City Council slams Patriot Act
Pittsburgh City Council put the administration -- of President Bush -- on notice Monday that it rejects many provisions of federal anti-terrorism policies, including the USA Patriot Act.
Council unanimously approved a resolution that opposes indefinite incarceration of non-citizens; access to personal medical, financial and educational records by law enforcement; and federal surveillance of religious services and political demonstrations.
Members directed the city clerk to send copies of the resolution to the White House, Congress and Attorney General John Ashcroft.
"The threat to this country will not come from without, but from erosion" of civil liberties, said Councilman William Peduto, the prime sponsor.
The Bush administration policies go "too far to destroy rights and freedoms of the people," Councilwoman Twanda Carlisle said.
The vote came after months of lobbying by the American Civil Liberties Union and other grass-roots organizations that have successfully pushed about 300 other local governments nationwide to approve similar measures.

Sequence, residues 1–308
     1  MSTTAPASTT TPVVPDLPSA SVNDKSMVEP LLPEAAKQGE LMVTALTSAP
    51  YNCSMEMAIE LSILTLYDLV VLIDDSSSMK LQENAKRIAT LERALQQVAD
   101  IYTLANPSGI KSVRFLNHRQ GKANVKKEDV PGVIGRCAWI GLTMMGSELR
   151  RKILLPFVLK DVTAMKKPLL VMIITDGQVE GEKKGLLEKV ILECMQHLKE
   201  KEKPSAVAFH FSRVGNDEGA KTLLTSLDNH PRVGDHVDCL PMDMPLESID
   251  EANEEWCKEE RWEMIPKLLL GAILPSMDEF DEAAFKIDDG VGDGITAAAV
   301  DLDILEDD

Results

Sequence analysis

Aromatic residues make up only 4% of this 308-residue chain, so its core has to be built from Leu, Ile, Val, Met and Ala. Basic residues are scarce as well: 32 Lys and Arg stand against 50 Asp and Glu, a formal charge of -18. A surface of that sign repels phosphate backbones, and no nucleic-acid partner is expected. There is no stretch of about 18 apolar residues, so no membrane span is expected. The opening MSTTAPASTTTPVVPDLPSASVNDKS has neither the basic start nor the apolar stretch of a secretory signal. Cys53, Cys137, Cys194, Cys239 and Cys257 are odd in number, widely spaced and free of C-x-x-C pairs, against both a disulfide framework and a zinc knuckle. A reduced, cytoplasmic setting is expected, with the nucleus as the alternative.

Councilman Doug Shields said the Patriot Act is another example of the federal government overstepping its bounds, likening it to the second coming of McCarthyism.
Two dozen people spoke during council's public comment period in favor of the resolution; no one spoke against it. Council members had been divided on its language, but ultimately lined up behind both Peduto's resolution and a compromise bill introduced by Councilman Jim Motznik.
Council asked Mayor Tom Murphy to tell police not to enforce federal immigration laws, to refrain from surveillance of people participating in activities protected by the First Amendment and not to profile people based on race.
It recommends schools and universities notify students whose records have been obtained by federal investigators. It also suggests libraries post notices that records can be tracked by federal agents. Libraries should destroy records on borrowed books as soon as books are returned, council said.
Neither administration -- Bush's nor Murphy's -- had an immediate response.
In other action, the Murphy administration introduced bills Monday for five library branches -- in Homewood, Lawrenceville, Mt. Washington, the West End and Hazelwood -- to be declared historic structures. The bills are scheduled to come up for discussion May 5.